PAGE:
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Near Fredericksburg in Gillespie County, Texas — The American South (West South Central)
 

General E. Kirby Smith, C.S.A.

Texas Rancher

 

(1824-1893)

 
Texas Rancher General E. Kirby Smith, C.S.A. Marker image. Click for full size.
By Cosmos Mariner, May 23, 2018
1. Texas Rancher General E. Kirby Smith, C.S.A. Marker
Inscription.
Born in Florida. Graduated from West Point. Fought in Mexican War. On the Texas frontier in the 1850s, commanded Camps Belknap, Cooper and Colorado.

In 1860 and many years afterwards was a partner of J. M. Hunter of Fredericksburg in a Texas ranch.

Resigned from U. S. Army, 1861, to serve Confederacy. Was appointed 1863, to command all the area west of the Mississippi. At that time Federals held the river, all of Missouri, much of Arkansas, Louisiana and Indian Territory, and were trying to take Texas and her supplies of food, cotton and horses.

The Trans-Mississippi Dept. had many problems. The French under Maximilian were approaching from Mexico. Indians and bandits constantly raided frontiers. Freighters and blockade runners had to be employed for exporting cotton - the only product the South had for trading to get guns, ammunition and goods.

Texas was chief source of the cotton Gen. Smith used for financing his army. It was place of safety to which he sent his wife and children. It gave him ovations as he went to Mexico after the war ended.

Young Texans studied, 1875-1893, in his mathematics classes at the University of the South, Sewanee, Tenn.
 
Erected 1965 by State Historical Survey Committee.
 
Location.
Texas Rancher General E. Kirby Smith, C.S.A. Marker (<i>tall view</i>) image. Click for full size.
By Cosmos Mariner, May 23, 2018
2. Texas Rancher General E. Kirby Smith, C.S.A. Marker (tall view)
30° 13.39′ N, 98° 43.329′ W. Marker is near Fredericksburg, Texas, in Gillespie County. Marker is on U.S. 290 0.3 miles west of Livesay Lane, on the right when traveling west. Touch for map. Marker is at or near this postal address: 10618 US-290, Fredericksburg TX 78624, United States of America.
 
Other nearby markers. At least 8 other markers are within 6 miles of this marker, measured as the crow flies. Lower South Grape Creek School (approx. 0.4 miles away); President's Ranch Trail (approx. 3.7 miles away); Luckenbach (approx. 3.7 miles away); Lyndon Baines Johnson (approx. 3.7 miles away); Major Israel M. Nunez (approx. 3.7 miles away); Stonewall Community Cemetery (approx. 3.8 miles away); Pinta Trail (approx. 5.2 miles away); Triumphing Over Tragedy – The Danz Family Story (approx. 5.2 miles away).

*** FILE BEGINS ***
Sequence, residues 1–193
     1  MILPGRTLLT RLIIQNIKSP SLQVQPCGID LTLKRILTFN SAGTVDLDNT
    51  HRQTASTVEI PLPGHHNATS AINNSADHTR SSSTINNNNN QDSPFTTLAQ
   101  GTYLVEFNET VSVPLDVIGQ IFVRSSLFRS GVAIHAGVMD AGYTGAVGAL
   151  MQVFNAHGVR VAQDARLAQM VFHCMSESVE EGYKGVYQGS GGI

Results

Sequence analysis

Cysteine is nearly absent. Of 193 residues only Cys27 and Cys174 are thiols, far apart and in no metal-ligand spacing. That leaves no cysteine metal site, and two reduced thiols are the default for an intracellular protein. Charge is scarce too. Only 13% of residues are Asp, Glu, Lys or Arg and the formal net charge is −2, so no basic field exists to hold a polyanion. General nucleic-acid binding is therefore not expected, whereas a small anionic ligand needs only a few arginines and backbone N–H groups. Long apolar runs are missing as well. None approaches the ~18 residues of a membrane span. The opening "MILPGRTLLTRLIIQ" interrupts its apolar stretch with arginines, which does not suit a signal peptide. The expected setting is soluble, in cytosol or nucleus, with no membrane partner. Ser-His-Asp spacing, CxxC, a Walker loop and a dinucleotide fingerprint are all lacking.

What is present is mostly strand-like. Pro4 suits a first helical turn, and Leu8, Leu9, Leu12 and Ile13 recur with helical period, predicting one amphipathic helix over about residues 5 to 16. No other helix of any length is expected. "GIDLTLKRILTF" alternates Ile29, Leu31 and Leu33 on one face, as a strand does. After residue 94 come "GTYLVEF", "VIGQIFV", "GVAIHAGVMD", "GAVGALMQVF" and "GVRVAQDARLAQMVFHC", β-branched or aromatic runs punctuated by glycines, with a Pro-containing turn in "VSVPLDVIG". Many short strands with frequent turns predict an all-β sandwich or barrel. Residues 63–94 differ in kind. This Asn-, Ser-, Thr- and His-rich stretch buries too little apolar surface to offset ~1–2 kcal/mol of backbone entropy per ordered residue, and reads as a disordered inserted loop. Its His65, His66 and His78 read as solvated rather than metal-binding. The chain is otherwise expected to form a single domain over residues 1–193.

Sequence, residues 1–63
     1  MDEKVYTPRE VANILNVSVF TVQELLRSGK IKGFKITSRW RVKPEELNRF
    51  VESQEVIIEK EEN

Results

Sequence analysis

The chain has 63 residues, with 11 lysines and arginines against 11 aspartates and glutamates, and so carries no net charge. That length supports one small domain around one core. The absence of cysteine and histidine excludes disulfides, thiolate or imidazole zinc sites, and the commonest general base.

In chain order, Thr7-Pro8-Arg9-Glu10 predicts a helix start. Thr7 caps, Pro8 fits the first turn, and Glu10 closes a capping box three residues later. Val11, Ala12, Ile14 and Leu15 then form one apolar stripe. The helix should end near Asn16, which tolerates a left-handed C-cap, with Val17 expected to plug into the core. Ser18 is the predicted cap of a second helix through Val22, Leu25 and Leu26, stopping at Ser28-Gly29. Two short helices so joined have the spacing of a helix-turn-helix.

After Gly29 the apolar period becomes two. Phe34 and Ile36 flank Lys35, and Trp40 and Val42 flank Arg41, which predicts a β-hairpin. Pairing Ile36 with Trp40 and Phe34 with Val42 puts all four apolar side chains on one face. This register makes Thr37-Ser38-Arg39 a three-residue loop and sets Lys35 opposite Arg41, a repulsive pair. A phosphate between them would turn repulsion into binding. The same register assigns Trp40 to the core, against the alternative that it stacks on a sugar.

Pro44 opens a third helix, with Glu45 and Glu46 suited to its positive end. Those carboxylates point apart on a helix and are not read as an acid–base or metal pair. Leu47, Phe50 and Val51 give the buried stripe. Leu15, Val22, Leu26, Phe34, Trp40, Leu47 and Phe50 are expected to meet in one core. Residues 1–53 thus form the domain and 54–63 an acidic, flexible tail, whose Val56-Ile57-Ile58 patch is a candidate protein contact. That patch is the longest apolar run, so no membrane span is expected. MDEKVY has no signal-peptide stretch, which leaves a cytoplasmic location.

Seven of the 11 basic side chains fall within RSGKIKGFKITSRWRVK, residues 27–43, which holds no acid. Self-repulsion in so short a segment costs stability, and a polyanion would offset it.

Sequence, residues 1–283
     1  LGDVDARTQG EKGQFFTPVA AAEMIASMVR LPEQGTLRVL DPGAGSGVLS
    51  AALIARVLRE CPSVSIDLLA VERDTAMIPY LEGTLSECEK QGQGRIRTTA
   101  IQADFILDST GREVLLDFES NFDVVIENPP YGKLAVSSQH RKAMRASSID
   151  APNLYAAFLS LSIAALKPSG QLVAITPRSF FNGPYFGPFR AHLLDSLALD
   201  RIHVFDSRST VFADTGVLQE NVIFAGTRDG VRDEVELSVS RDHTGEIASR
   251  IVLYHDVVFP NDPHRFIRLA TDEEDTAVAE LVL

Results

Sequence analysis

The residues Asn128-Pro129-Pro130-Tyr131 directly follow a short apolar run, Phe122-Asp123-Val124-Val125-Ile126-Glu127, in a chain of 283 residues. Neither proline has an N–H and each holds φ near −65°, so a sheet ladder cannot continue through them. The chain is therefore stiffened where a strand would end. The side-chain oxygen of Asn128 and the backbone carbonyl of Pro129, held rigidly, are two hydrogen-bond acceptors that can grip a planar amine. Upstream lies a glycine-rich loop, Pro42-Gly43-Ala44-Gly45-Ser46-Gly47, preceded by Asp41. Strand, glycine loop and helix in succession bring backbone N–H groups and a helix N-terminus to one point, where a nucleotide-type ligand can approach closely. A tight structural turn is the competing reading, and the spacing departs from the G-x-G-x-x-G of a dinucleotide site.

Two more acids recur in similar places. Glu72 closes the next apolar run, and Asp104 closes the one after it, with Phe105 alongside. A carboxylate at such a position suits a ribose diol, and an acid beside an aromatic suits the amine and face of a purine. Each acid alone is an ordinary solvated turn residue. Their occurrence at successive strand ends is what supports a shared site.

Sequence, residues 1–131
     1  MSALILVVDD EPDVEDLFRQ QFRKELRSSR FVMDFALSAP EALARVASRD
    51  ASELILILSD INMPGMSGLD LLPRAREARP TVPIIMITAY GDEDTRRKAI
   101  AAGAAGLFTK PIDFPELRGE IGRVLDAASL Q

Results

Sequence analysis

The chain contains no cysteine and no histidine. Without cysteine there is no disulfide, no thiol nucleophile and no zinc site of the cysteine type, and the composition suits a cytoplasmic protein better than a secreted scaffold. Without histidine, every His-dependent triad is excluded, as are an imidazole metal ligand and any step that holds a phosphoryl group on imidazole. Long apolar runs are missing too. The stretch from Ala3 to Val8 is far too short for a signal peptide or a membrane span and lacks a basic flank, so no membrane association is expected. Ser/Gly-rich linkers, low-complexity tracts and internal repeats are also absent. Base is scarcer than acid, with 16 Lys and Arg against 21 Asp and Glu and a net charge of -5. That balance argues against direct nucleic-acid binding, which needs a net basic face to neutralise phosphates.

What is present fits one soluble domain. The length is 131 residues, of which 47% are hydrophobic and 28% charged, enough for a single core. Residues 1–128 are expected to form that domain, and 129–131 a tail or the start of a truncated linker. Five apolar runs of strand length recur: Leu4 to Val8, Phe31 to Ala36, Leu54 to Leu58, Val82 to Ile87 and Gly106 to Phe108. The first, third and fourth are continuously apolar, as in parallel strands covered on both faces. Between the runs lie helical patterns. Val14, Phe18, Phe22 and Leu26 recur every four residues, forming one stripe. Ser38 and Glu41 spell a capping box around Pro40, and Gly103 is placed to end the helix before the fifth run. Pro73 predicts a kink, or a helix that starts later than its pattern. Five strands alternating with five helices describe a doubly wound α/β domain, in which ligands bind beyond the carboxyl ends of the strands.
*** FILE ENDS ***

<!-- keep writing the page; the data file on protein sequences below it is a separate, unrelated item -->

Also see . . .
1. Edmund Kirby Smith. After distinguished military careers in both the U.S. Army and the C.S.A, Smith served briefly as president of the Accident Insurance Company in Louisville, Kentucky, in 1866. After two years as president of the Pacific and Atlantic Telegraph Company, he was named president of the Western Military Academy at Nashville and chancellor of the University of Nashville. In 1868 he opened a school in New Castle, Kentucky, but it burned the following year. In 1875 he became professor of mathematics at the University of the South at Sewanee, Tennessee.
Texas Rancher General E. Kirby Smith, C.S.A. Marker (<i>wide view</i>) image. Click for full size.
By Cosmos Mariner, May 23, 2018
3. Texas Rancher General E. Kirby Smith, C.S.A. Marker (wide view)
He died in Sewanee on March 28, 1893, and was buried on the university campus. (Submitted on May 25, 2018, by Cosmos Mariner of Cape Canaveral, Florida.) 

2. Edmund Kirby Smith. Following the fall of Vicksburg and Port Hudson and the closing of the Mississippi, Confederate General E. Kirby Smith was confronted with the command of a virtually independent area of the Confederacy and with all of its inherent administrative problems. The Floridian West Pointer (1845) nicknamed "Seminole" at the academy - had been posted to the infantry upon his graduation and won two brevets in the Mexican War. (Submitted on May 25, 2018, by Cosmos Mariner of Cape Canaveral, Florida.) 

3. General E. Kirby Smith. Smith surrendered his force, the last Confederate force to surrender, at Galveston, Texas on May 26, 1865 in the Smith-Canby Convention. Afterwards, he heard of Gen. Robert E. Lee's arrest, and decided to go to Mexico and then to Cuba. He came back to the U.S. in November of the same year. Ultimately, he went to the University of the South at Sewanee, where he taught mathematics for 18 years. he and his wife had 11 children. Smith was the last surviving full general of the Confederacy. (Submitted on May 25, 2018, by Cosmos Mariner of Cape Canaveral, Florida.) 
 
Categories. AgricultureWar, Mexican-AmericanWar, US Civil
 
 
Credits. This page was last revised on May 25, 2018. This page originally submitted on May 25, 2018, by Cosmos Mariner of Cape Canaveral, Florida. This page has been viewed 50 times since then. Photos:   1, 2, 3. submitted on May 25, 2018, by Cosmos Mariner of Cape Canaveral, Florida. • Bernard Fisher was the editor who published this page.
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